Temperature is usually regarded as an environmental stress factor for the survival of bacteria because too high temperature could induce nucleic acid or protein denaturation, whereas too low temperature could result in inhibition of cell growth and proliferation, alter protein expression patterns, and weaken metabolic activity . Generally, different bacteria have diverse temperatures for cell growth and functional activity. The effects of different temperatures on cell growth and nitrate removal of strain J in MDM medium were shown in Figure 3(a). Pseudomonas taiwanensis strain J was able to grow and conduct aerobic denitrification with nitrate as nitrogen source at a broad temperature range from 5 to 40°C, which may expand its application scope in different seasons. The strain J possessed tolerance to low temperature, with 15°C as its optimum and 5°C as viable, which suggested that strain J was a psychrotrophic aerobic bacterium. Data in Figure 3(a) showed that the nitrate nitrogen removal efficiency was enhanced with the increased temperature in a certain range. The nitrate and total nitrogen removal percentage increased from 51.61% and 8.76% at 5°C to 100% and 84.48% at 15°C under the condition of 150 r/min, with initial nitrate nitrogen concentration of about 50 mg/L after 48 h cultivation. These results demonstrated that higher temperature could promote the nitrate removal efficiency of strain J (). The nitrite nitrogen accumulation was distinctly observed at 5°C and 10°C with the concentrations of 15.0 and 20.12 mg/L, respectively (data were not shown in Figure 3). It was interesting that the nitrite-nitrogen was not detected when the temperature is higher than 15°C, or even below the nitrite detection limit when nitrate was used as sole nitrogen source. These results indicated that too low temperature might result in high nitrite accumulation. The similar results were reported that the nitrite could be accumulated as the temperature below 15°C [8, 35]. By contrast, the nitrate and total nitrogen removal efficiencies decreased continuously when the temperature further increased from 15°C to 40°C, and the nitrate and total nitrogen removal efficiencies decreased to 70% and 40.61% at 40°C, which demonstrated that the denitrification ability of strain J could be slightly inhibited by high temperatures. Accompanied with the reduction of nitrate and total nitrogen, the value of strain J increased firstly from 0.04 to 0.69, corresponding to an average growth rate of 0.345 d−1, and then decreased to 0.35 at 40°C. Above all results suggested that the temperature had a pronounced effect on the nitrogen removal efficiencies and cell growth of strain J ().
It is notable that nearly all the reported aerobic denitrifying bacteria were mesophiles and the optimum temperatures were ranged from 20 to 37°C, in which the cell growth and nitrogen denitrification were severely or totally inhibited at the temperature as low as 10°C [16, 36, 37]. As a result, the strain J could conduct aerobic denitrification efficiently at 5°C demonstrating that the strain J has much more tolerance to the cold condition, which may offer a new cold-adaptation aerobic denitrifier for nitrogen removal in winter.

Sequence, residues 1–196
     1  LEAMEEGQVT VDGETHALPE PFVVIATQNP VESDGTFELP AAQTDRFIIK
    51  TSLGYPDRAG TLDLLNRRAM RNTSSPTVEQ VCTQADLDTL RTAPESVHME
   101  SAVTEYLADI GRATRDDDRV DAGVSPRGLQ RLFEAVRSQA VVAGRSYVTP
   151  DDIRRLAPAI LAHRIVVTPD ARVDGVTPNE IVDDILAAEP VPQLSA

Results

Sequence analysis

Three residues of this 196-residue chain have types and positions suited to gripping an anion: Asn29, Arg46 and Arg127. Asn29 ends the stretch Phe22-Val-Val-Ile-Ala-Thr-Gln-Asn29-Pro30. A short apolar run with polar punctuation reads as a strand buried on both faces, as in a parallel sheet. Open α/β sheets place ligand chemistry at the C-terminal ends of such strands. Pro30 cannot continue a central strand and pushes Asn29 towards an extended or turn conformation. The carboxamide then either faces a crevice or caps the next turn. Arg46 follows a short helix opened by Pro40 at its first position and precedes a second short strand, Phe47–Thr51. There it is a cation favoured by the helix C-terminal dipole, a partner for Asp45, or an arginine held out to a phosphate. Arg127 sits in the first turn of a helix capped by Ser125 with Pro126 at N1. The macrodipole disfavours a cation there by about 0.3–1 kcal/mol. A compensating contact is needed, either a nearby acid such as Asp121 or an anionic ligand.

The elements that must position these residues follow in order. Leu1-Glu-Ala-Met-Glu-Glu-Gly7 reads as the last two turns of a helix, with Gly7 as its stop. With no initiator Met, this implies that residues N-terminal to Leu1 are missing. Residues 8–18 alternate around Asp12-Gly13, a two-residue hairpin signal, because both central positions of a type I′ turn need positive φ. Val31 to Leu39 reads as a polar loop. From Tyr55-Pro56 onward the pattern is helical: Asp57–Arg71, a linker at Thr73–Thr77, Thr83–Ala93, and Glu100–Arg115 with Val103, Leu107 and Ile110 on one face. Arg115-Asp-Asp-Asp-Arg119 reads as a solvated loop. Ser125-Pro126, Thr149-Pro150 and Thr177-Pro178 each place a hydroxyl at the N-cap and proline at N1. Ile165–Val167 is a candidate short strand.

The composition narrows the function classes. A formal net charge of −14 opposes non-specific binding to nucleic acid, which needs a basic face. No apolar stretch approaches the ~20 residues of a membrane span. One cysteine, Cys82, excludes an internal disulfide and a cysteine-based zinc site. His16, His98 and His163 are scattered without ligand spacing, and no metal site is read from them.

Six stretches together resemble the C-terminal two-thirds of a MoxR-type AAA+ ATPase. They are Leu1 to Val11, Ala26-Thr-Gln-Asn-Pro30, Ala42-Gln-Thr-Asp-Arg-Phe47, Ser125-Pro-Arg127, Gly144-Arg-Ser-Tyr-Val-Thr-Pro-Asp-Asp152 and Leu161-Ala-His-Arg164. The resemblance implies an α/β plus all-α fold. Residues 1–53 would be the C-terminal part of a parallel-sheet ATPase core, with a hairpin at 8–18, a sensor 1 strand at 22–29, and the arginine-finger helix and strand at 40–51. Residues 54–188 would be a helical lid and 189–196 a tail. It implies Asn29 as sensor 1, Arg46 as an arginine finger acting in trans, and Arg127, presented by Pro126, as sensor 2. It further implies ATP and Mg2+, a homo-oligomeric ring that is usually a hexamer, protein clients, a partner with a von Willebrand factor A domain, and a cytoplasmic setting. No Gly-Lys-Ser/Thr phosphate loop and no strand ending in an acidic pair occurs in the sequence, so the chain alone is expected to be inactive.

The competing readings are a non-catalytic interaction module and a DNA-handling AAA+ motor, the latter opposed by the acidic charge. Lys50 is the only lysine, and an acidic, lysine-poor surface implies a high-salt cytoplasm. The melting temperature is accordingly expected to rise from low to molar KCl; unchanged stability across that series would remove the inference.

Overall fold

3.3. Effect of Dissolved Oxygen on Nitrogen Removal of the Strain J
It has been widely accepted that the dissolved oxygen (DO) concentration in solution could be adjusted by the rotation speed of the shaker. The faster the shaking speed is, the higher the DO level can be obtained. In the aerobic denitrification process, both of the dissolved oxygen and nitrate nitrogen could act as electron accepters. A large amount of papers showed that a certain DO concentration was beneficial to bacterial growth and nitrogen removal [8, 38, 39]. The influence of different shaking speed on cell growth and nitrogen removal by strain J is shown in Figure 3(b). Significant differences were observed among shaking speed of 0–200 r/min (). Poor nitrogen removal efficiencies were obtained in static cultivation, with only 18.36% nitrate and 2.84% total nitrogen removal efficiencies after 48 h incubation. The higher rotation speed significantly promoted the cell reproduction and nitrogen removal efficiencies. The optimal shaking speed for strain J growth and denitrification was 150 r/min, which is equivalent to 6.25 mg/L DO concentration . The peak of nitrate and total nitrogen removal efficiencies were 100% and 84.75% under the conditions of 150 r/min and 15°C. Subsequently, the cell growth and nitrogen removal ability were inhibited at the shaking speed of 200 r/min, which may be that the nitrate reductase is sensitive to high concentration of dissolve oxygen. The value of showed similar change with the nitrogen removal efficiencies and no obvious nitrite accumulation in the experiment. Apparently, the excessive low or high concentration of DO was unfavourable for bacterial growth and denitrification, which indicated that proper aeration could improve the nitrogen removal efficiencies of strain J in the practice application.